Fiji, South Pacific: a country made up of more than 300 islands, rugged landscapes and beautiful beaches.
For the majority, it’s a place that’s too far away to visit. But for some, they’ll happily travel across the ocean to experience the warm hospitality of Fijian culture and endless days of sunshine.
If you’re a holidaymaker looking for an island getaway that will make even Truman from The Truman Show green with envy, my Fiji travel guide has got you covered.
First things first, getting to Fiji can be tricky due to its remote location.
Are you currently travelling around (or living in) Australia or New Zealand? Good news – this country is only a few hours away from you. You can take a direct flight to Nadi International Airport with Fiji Airways, just like I did from Wellington.
You can also hop on a direct flight from the following countries:
However, if you’re a fellow Brit, be prepared for a long journey with multiple stopovers before you reach your final destination. Eek.
Similarly, working out where to stay in Fiji can be challenging due to the overwhelming number of islands.
Viti Levu and Vanua Levu are the major islands where you can find most of the Fiji population.
In addition to the capital of Suva, Viti Levu provides access via a causeway to Denarau, which is a man-made island home to some of the best hotels in Fiji.
(When my sister, fiancé and I visited in August 2019, we stayed at the Sheraton Denarau Villa Resort and it was just lovely!)
Plus, Denarau Island is just a 10-minute drive from the airport.
That said, if you’d rather get back to nature and opt for somewhere more secluded, try one of the following:
Still struggling to decide where to stay? No worries – just pick the place you’d rather spend the most time in and then you can day-trip to the others.
Even though most of the islands tend to be spread out, there are a few different ferry companies that allow you to hop from one to another with minimal fuss.
However, beware that the prices of ferries soon add up when you want to visit as many islands as possible in the time that you’ve got.
As our trip to Fiji was only a few days long, we decided to stay on Denarau and then day-trip to the Mamanuca Islands via South Sea Cruises.
We then used local taxi companies and buses to get around Viti Levu.
There are rental cars available, but they tend to be costly. There are also motorbikes and scooters available on Viti Levu only, but a lot of people will advise you against renting one.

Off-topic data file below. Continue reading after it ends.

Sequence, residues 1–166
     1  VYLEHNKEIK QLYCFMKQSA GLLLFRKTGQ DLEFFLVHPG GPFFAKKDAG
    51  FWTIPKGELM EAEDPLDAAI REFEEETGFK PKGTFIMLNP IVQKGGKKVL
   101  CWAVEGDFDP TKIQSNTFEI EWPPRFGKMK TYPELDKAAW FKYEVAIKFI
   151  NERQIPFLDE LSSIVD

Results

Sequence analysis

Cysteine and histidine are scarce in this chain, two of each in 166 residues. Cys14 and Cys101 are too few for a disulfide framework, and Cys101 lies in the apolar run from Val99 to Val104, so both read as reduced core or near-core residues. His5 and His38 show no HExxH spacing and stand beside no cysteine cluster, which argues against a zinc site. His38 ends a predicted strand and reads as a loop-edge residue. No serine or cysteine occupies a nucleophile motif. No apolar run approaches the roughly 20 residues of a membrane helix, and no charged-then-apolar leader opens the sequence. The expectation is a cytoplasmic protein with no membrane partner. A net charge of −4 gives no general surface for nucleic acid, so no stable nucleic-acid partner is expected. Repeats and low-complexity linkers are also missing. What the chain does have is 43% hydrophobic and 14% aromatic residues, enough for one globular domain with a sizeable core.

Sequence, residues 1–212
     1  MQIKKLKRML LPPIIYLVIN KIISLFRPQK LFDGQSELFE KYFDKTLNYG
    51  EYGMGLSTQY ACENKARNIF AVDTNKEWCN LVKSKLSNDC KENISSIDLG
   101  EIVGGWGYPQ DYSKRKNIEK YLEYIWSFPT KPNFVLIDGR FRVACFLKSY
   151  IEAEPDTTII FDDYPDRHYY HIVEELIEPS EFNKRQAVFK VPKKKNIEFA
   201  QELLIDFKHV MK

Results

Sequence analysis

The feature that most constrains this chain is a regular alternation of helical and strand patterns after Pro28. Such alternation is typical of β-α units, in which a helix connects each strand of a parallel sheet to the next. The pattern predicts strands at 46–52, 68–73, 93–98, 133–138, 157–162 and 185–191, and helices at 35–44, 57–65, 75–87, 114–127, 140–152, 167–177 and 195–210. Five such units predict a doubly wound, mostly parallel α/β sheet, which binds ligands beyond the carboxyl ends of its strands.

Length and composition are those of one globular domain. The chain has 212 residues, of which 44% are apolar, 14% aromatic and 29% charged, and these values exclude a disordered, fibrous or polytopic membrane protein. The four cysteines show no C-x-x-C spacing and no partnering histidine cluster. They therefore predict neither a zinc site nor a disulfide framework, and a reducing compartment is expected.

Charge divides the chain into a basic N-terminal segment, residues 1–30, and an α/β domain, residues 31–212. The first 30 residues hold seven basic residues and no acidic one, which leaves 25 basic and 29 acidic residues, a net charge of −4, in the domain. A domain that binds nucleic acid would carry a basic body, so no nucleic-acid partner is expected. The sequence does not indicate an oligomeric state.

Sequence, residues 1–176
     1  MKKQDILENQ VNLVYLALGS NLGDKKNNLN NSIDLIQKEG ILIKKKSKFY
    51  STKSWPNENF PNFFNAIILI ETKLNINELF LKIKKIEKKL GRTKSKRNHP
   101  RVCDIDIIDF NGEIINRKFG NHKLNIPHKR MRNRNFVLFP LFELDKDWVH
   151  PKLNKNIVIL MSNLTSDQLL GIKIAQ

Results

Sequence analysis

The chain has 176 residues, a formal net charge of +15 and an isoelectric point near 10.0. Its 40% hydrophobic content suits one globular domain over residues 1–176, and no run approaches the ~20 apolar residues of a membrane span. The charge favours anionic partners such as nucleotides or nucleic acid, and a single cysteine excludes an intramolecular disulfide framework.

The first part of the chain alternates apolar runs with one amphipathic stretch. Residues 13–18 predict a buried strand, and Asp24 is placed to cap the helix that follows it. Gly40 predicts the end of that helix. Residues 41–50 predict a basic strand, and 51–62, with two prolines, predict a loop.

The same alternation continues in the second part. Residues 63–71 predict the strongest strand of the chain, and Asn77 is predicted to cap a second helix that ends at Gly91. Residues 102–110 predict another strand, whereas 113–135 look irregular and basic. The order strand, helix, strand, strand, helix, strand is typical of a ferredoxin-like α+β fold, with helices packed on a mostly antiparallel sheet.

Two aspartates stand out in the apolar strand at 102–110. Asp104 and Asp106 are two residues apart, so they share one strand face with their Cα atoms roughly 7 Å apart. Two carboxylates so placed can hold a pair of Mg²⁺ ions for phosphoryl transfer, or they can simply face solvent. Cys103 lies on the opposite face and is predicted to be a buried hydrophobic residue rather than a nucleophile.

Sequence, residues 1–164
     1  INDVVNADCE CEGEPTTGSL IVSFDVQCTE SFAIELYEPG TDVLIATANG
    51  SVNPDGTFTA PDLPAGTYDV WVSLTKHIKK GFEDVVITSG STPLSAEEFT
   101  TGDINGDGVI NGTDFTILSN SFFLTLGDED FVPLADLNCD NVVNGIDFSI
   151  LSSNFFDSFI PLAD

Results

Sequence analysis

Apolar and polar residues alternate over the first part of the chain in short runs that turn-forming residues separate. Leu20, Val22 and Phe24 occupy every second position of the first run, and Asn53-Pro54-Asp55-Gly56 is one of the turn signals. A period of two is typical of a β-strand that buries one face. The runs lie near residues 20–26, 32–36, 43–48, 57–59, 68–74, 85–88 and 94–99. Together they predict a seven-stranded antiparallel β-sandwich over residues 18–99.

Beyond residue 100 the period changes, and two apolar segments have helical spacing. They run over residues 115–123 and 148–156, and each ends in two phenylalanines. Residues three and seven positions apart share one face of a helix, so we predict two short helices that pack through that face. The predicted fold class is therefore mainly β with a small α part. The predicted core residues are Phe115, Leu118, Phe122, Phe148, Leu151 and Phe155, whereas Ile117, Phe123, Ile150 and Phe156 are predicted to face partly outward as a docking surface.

Why? Well, locals aren’t used to seeing them on the road. If you decide to go down this route, proceed with caution.
You can also travel to the other islands via seaplane or helicopter but, again, these methods of transport can be super expensive.
What’s a Fiji travel guide without some recommended activities? Exactly – nothing.
Even though many travellers prefer to use their holiday to Fiji to chill out and unwind on the beach or around the pool, there are a few other things you can do.
Suva is the largest city in Viti Levu, which also happens to be the capital of Fiji.
Here you can explore Fiji Museum within Thurston Gardens and marvel at the British colonial buildings.
You can also check out Suva’s lively Municipal Market and shop until your heart’s content in one of the city’s countless complexes.
A 15-minute drive from Nadi, the Garden of the Sleeping Giant is in the foothills of the Sabeto Range and features some gorgeous greenery.
Its 30 to 40 varieties of Asian orchids and Cattleya hybrids make it the perfect hotspot for garden lovers around the globe.
Just a short drive from the Garden of the Sleeping Giant is the Sabeto Hot Springs and Mud Pools.
Here you can take a dip in the therapeutic mud pools (or geothermal hot pools) and then treat yourself to a traditional massage.
Approximately a 20-minute drive from the airport, Port Denarau Marina is a popular tourist hub for eating, drinking and shopping.
(And if you’re staying on Denarau Island, it’s just a 10-15 minute walk to get there. Bonus!)
We loved Cardo’s Steakhouse. It’s outdoors on the edge of the water, which made it a really pretty place for dinner. There was also a live band playing there almost every night with an amazing female singer.
Great food + great atmosphere = what more could you want on holiday?
Finally, you can’t visit Fiji without learning more about the traditional Fijian culture.
There are plenty of shows that you can go to around the country, but we went to the one at The Westin Denarau Island Resort.
You get to try kava, watch tribal singing and dancing and then experience lovo (underground cooking). Win-win-win!
Fiji is a fun place to visit for the first time and can supply you with a relaxing holiday – but only once you get there.
After all, travelling to Fiji is a hardship if you don’t live in Oceania.
Travelling around Fiji can be equally as tough if you’re on a budget. In my opinion, it’s best to tag it onto other trips (like Australia or New Zealand) to make it completely worth the journey (and money).
Having said that, Fijians are some of the most friendly people I’ve ever come across. And you can’t beat being amongst innumerable palm trees, white-golden sand and rich blue water.
Have you ever been to Oceania? Do you have anything to add to my Fiji travel guide? Let me know in the comments!
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